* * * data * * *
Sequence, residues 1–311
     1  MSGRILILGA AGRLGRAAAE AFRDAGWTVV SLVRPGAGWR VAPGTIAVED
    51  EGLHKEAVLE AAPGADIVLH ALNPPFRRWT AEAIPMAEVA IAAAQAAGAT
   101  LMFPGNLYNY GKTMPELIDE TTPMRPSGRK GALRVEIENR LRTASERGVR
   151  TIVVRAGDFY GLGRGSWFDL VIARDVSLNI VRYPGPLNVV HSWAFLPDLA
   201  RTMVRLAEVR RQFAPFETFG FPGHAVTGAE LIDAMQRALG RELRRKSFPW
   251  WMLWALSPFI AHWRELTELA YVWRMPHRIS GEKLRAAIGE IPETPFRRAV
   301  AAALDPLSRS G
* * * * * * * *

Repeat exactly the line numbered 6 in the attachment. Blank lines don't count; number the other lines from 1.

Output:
   201  RTMVRLAEVR RQFAPFETFG FPGHAVTGAE LIDAMQRALG RELRRKSFPW